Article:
Madam Speaker, I would like to commend my colleagues from Hochelaga and Joliette on their excellent remarks. I think that they clearly set out the information that we have about the situation related to the motion before us.
For those who are watching, I would like to repeat the text of the motion that was introduced by the Liberal Party on this opposition day. It reads:
That, in the opinion of the House, the Government’s decision to proceed with cuts to the tax rate for large corporations fails to address the economic needs of Canadian families, and this House urges the Government to reverse these corporate tax cuts and restore the tax rate for large corporations to 2010 levels in the upcoming Budget.
This reference to large corporations clearly allows us to vote in favour of this motion since we are of the opinion that SMEs must be given room to breathe and that there is room to ease their tax burdens a little, especially given that, over the past few years, it has been mainly large corporations that have been benefiting from the situation.
We are currently dealing with a Conservative government that gives gifts to certain large corporations. These are large corporations that are making sometimes indecent profits, such as oil companies, banks and businesses with outrageous revenues and profits.
The actions of the Conservative government are indicative of its governance strategy. That is what I would like to speak about. The Conservatives' strategy involves taking every possible means away from the Canadian government so that they can then justify reneging on commitments related to the social safety net or social services. It started with the reduction of the GST from 8% to 6%, and now we are seeing it with the banks.
Let us talk about the Liberal government. They began lowering taxes in 2000. Corporate taxes were at 28%. Taxes were gradually lowered to 21% by 2006. Now the Conservatives want to cut them to 15% by 2012. Each percentage point costs Canada $1 billion in revenue. If this revenue were to go to help low income earners, those who are the worst off, it would be different. But that is not the case. We are talking about banks that have made approximately $46 billion in profits since 2007. That is huge. But the Conservatives still want to hand tax cuts to them and to oil companies that make billions in profits.
In the meantime, the Conservative government continues to apply a policy implemented by the Liberals, which consists in finding money to make up in some small way for the shortfall from people such as those who lose their jobs. We know that when the Liberal government was in power, it wanted to pay down the debt. It gradually complicated access to employment insurance to make as many people as possible ineligible. Earlier, my Liberal colleague said that the government is running a $56 billion deficit. But $57 billion was stolen from the employment insurance fund by the Liberals when they were in power.
If they want to redeem themselves and say otherwise, that is fine, but we need to look at the similarities in their policies.
The same goes for the Liberal Party. When a previous economic statement was tabled, the Liberal members had also voted to cut taxes for large corporations.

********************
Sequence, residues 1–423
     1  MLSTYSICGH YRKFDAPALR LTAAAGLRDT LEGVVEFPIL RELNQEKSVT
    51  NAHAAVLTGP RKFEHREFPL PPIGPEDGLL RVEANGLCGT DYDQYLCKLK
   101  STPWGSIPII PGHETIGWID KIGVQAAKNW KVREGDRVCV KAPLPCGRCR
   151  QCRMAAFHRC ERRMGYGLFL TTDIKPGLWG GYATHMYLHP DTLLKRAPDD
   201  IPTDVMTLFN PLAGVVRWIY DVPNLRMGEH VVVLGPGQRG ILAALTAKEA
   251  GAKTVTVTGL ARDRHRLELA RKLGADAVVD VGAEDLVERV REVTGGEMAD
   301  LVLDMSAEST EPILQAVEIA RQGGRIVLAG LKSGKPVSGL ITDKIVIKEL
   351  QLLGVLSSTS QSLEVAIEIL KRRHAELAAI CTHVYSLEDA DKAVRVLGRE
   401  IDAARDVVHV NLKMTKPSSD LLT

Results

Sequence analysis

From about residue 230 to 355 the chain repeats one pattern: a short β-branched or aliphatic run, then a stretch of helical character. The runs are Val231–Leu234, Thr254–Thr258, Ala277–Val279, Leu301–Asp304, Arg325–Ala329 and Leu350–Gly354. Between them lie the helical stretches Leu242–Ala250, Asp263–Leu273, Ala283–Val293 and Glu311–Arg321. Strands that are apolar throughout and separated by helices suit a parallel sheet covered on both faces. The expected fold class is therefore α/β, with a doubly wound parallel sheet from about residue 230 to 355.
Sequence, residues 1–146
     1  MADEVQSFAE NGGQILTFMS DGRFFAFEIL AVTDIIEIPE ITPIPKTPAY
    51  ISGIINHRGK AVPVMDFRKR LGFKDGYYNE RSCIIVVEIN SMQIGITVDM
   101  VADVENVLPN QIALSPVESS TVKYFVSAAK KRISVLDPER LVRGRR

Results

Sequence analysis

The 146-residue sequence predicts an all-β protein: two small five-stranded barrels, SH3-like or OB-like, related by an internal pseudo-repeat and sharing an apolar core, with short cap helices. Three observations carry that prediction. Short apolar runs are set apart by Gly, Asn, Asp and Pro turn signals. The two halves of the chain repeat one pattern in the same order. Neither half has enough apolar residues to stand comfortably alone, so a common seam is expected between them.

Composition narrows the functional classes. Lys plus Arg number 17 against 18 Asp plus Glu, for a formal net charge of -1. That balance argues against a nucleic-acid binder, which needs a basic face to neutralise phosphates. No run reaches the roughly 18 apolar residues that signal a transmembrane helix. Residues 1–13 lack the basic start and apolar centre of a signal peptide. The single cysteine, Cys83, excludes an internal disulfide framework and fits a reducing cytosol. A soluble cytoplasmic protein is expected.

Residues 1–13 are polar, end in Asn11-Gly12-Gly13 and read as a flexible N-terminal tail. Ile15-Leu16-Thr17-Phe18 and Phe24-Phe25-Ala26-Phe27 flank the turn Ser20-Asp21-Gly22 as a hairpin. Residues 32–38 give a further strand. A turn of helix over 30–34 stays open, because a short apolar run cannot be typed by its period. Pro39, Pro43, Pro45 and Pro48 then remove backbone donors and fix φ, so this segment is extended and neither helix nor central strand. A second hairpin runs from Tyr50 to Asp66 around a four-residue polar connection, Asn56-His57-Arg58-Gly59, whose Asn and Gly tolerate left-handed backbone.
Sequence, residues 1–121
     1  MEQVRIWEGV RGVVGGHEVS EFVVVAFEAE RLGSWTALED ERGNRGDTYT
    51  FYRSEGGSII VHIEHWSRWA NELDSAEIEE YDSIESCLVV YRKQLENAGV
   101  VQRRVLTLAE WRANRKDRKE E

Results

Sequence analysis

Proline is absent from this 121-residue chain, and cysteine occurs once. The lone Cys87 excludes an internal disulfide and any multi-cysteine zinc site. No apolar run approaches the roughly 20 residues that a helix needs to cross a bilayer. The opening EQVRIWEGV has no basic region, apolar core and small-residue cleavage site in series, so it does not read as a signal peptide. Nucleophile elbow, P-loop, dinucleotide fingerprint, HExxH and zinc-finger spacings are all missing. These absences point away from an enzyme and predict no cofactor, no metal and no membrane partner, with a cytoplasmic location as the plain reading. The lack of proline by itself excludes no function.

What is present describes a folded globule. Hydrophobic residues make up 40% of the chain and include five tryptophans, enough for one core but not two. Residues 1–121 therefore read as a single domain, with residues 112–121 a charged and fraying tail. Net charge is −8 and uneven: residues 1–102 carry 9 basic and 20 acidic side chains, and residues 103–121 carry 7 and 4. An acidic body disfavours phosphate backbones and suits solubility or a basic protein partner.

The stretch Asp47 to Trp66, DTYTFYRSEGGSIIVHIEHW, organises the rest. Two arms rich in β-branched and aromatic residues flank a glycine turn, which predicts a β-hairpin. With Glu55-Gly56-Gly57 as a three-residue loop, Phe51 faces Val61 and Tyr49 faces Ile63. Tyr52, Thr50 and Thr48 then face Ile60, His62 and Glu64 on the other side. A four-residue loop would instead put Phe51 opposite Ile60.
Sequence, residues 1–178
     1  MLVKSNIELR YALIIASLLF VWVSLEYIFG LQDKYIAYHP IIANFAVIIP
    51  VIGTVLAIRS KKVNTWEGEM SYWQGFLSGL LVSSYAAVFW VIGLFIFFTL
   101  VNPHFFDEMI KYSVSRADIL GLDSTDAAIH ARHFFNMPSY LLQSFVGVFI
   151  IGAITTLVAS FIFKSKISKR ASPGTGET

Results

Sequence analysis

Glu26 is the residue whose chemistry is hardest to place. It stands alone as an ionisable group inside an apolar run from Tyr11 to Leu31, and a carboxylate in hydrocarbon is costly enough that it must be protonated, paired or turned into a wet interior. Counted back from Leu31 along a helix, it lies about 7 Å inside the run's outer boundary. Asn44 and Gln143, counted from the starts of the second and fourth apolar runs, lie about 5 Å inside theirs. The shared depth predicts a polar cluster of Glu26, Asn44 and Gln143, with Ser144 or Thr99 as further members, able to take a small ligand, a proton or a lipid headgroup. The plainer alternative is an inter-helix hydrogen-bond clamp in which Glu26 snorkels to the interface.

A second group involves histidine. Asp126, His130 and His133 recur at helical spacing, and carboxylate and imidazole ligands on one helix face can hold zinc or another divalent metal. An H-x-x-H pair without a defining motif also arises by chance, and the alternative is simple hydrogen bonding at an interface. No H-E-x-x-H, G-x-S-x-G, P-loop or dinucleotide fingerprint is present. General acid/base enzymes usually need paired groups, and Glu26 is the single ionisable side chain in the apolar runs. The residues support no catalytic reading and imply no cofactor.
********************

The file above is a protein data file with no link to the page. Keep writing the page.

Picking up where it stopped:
My two colleagues spoke earlier about the benefits granted to large corporations. I too would like to talk about the measures the Bloc Québécois has proposed to the Minister of Finance for the next budget.
First of all, we must not raise taxes for individuals or small and medium-sized businesses. Conversely, we must not cut taxes for large corporations. We need to stop giving these gifts to large multinationals, banks and oil companies.
The Bloc Québécois is proposing a series of measures. The wealthiest taxpayers should pay a surtax, specifically 2% for people who earn between $150,000 and $250,000 a year—some members of this House would likely have to pay up—and 3% for anyone who earns over $250,000. This measure alone would allow the government to bring in an additional $4.8 billion. My colleague, the hon. member for Hochelaga, has had the opportunity to present this measure to the Minister of Finance.
Another measure would be to impose a heavy tax on bonuses. In recent years, the public has been shocked to see companies closing or laying off many of their employees, only to turn around and hand out millions of dollars in bonuses.
We are also proposing a review of the federal military procurement policy. We believe that $470 billion over 20 years is excessive. We believe that a different measure is needed in order to support our soldiers, particularly in combat situations. Some of that money should be used to meet the needs of the people.
We must eliminate access to tax havens. At present, as surprising as it may be and despite the lofty commitments of successive Liberal and Conservative governments, it is still possible to put money in tax shelters by using offshore tax havens. Government operating expenditures also need to be reduced. Some of these measures have also been explained by my colleague from Hochelaga. Lastly, we also need to fight tobacco smuggling. Just those two measures alone would allow the government to save billions of dollars.
This morning, the Federation of Independent Business, which Canadian and Quebec businesses are a part of, said it did not want tax increases, and we concur. Where necessary, taxes could even be reduced. Small and medium-sized enterprises are what drive the local and regional economy. Tax cuts would ensure that the economy of proximity—those businesses that sustain communities and truly create jobs—is given priority in any strategy to support the economy.
Since there is a new Speaker in the chair, I will just remind the House that the Bloc Québécois will support the Liberal Party motion and continue to make suggestions for getting money where money is found. Let us stop allowing those who make profits to abuse the system.